For those establishments that did not make the list, we either were unaware of your offering or simply ranked others higher after our visit.
Without further ado, we give you our take on the Best Tenderloin in Festival Country. And then we list 10 others, in alphabetical order, to create the "Top 10 Hoosier Tenderloins." In addition, we wanted to highlight the "Biggest Tenderloin" and the "Best Presented Tenderloin." So watch for some special designations in this list.
Best Tenderloin: The Willard
Beginning with a nice thick cut and a pickle spear on the side, the breading was exquisite, like fried chicken. And a bit of black pepper flavor that gave it just the right amount of zing. Locals had told us repeatedly that The Willard had the best in the county. And an objective assessment by these judges turned up the same result. Our scoring rubric also placed their sandwich squarely at the top when rated on taste alone, or by appearance alone. So, it's the best tasting tenderloin and best presented tenderloin. You simply can't go wrong starting your tenderloin trek here.
99 N. Main St., Franklin
Intended for daytime dining only (no dinner hours), the Hoosier tenderloin is a perfect addition to the menu of this classic comfort food cafe adjacent to Franklin's courthouse square. (In fact, it's not uncommon for sequestered juries to be escorted to Ann's for lunch in their private upstairs room.). Ann's twist on this classic, beyond the toasted bun, is to substitute their "homemade" potato chips with ranch dressing for the more standardly-offered French fries. We also appreciated the classic lettuce leaf being replaced by shredded lettuce.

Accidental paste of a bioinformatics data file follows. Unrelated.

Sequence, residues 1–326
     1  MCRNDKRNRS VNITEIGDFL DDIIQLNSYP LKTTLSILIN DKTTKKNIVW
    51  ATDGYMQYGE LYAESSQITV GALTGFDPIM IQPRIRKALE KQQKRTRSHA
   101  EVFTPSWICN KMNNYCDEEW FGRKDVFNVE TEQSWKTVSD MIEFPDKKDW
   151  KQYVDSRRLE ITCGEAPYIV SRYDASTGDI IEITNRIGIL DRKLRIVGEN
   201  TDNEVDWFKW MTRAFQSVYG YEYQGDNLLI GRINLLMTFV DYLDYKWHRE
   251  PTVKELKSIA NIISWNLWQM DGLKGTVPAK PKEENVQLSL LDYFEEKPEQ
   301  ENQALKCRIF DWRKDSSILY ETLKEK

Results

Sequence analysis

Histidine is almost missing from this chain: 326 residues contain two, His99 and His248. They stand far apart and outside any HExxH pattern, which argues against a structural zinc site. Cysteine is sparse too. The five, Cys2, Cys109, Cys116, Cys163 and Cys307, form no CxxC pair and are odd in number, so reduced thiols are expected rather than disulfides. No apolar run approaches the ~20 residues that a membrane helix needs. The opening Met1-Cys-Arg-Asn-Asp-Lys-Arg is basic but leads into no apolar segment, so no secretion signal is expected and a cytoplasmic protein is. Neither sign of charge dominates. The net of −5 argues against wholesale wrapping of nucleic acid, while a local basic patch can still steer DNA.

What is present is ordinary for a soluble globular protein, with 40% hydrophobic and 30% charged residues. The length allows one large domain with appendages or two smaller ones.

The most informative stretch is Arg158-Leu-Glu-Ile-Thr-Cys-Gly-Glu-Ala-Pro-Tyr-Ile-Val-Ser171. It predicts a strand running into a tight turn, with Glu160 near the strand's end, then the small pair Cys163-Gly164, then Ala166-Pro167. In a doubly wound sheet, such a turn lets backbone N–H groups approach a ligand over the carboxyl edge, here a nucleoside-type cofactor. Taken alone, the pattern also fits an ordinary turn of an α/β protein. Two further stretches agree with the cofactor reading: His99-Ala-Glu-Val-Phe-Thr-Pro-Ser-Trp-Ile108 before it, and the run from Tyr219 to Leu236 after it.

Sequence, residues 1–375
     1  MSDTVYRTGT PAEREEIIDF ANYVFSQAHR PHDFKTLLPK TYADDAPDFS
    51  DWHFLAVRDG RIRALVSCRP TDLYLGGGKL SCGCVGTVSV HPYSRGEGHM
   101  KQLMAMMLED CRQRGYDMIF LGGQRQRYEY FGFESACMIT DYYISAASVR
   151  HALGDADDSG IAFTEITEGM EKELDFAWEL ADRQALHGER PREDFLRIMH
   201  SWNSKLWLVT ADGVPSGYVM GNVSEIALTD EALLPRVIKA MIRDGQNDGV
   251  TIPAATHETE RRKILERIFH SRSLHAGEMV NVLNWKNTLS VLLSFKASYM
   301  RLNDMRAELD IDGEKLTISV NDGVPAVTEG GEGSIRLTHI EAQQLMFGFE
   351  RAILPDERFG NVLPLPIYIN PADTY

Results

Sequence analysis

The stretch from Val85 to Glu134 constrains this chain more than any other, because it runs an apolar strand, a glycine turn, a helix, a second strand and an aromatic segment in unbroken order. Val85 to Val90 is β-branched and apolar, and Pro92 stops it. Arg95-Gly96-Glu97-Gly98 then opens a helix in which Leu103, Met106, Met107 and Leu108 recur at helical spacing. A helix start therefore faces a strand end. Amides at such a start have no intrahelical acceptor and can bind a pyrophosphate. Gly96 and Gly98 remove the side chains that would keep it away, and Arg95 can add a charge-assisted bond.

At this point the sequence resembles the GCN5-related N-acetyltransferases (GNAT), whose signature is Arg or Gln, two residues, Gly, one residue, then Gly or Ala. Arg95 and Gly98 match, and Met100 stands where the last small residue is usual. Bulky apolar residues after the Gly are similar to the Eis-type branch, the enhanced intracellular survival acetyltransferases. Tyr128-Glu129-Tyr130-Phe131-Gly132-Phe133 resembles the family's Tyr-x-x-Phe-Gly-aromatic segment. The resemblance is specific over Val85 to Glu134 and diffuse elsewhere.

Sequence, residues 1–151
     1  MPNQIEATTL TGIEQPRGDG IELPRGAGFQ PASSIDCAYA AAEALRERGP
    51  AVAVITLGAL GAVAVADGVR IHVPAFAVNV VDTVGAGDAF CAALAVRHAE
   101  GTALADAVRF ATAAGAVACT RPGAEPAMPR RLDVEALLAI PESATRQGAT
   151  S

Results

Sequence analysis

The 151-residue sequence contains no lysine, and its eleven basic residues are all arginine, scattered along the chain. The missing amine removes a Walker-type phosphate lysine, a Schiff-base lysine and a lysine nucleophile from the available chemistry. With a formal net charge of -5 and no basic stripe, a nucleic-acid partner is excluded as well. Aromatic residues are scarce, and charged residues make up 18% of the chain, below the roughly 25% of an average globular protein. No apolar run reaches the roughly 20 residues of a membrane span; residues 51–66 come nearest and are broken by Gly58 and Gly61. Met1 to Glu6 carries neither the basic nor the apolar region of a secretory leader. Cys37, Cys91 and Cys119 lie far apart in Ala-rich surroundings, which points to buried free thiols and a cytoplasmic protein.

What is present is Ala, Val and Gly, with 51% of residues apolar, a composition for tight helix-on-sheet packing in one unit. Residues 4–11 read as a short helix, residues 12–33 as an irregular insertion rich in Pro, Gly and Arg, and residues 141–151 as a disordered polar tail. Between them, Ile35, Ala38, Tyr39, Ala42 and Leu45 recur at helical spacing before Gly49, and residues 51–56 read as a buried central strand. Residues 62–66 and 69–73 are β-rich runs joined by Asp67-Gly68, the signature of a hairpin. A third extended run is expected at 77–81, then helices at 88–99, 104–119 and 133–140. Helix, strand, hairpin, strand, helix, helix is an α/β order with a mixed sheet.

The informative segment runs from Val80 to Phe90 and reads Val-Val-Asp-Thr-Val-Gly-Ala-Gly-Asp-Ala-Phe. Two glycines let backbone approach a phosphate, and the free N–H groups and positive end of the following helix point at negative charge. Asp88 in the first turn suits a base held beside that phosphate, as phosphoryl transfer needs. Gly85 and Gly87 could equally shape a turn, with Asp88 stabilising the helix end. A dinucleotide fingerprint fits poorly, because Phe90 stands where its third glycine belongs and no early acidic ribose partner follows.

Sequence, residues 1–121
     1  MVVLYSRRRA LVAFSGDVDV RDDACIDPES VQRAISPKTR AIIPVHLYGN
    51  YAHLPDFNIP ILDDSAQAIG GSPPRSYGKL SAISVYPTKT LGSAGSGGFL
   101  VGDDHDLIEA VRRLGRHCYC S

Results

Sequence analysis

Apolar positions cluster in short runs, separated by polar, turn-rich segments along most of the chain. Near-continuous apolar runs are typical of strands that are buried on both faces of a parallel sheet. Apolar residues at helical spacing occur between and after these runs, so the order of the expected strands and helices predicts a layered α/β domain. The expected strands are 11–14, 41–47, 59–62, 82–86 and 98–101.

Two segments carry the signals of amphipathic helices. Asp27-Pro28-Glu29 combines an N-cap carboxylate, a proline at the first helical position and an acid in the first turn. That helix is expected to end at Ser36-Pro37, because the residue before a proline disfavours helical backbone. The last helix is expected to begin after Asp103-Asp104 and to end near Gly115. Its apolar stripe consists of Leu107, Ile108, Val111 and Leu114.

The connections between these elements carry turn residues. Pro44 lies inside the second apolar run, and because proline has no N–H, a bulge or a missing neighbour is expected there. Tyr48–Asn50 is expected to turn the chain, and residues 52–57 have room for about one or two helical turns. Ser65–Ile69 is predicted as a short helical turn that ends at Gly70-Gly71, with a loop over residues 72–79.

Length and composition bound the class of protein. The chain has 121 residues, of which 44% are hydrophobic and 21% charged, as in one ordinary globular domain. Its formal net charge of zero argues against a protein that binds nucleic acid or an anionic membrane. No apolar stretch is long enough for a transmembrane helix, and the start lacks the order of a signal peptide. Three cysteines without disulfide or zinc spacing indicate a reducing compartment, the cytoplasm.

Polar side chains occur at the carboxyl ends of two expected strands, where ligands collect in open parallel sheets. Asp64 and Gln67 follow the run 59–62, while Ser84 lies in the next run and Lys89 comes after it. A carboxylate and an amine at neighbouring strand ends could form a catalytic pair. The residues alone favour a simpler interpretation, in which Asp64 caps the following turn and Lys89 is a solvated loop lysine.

77 W. Monroe St., Franklin
Edinburgh Diner (Biggest Tenderloin designation)
Let's just say this first: This unassuming diner wins hands-down for biggest tenderloin. You could bring extra buns and feed a family of four from this gargantuan pork platter. They were very generous all around. When we requested an extra bun for sharing, they offered up a complete extra set of toppings as well. The meat was thin and crispy, and a treat to break off and sample before planning an attack on the sandwich. There was a really nice amount of flavor and spice to it, and it was accompanied with some dang good fries.
413 S. Eisenhower Dr., Edinburgh
Main Street Grille
One of the most popular menu items on their top shelf menu, their tenderloin impresses all who discover it. We've heard of visitors from "dry counties" (no Hoosier tenderloins) who always make a point to stop in for one when in the area. Built along the classic model, their version offers a pickle spear with the sandwich. Their tiny hint of garlic on the fries rounds out the meal.